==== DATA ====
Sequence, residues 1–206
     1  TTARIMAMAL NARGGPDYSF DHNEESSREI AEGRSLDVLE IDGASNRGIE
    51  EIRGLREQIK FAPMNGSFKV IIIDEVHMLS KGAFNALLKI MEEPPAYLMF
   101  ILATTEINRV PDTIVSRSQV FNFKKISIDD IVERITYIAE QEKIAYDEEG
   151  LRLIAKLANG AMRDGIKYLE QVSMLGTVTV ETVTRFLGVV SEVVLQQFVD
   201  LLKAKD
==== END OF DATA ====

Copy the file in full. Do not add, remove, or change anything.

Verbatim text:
Sequence, residues 1–206
     1  TTARIMAMAL NARGGPDYSF DHNEESSREI AEGRSLDVLE IDGASNRGIE
    51  EIRGLREQIK FAPMNGSFKV IIIDEVHMLS KGAFNALLKI MEEPPAYLMF
   101  ILATTEINRV PDTIVSRSQV FNFKKISIDD IVERITYIAE QEKIAYDEEG
   151  LRLIAKLANG AMRDGIKYLE QVSMLGTVTV ETVTRFLGVV SEVVLQQFVD
   201  LLKAKD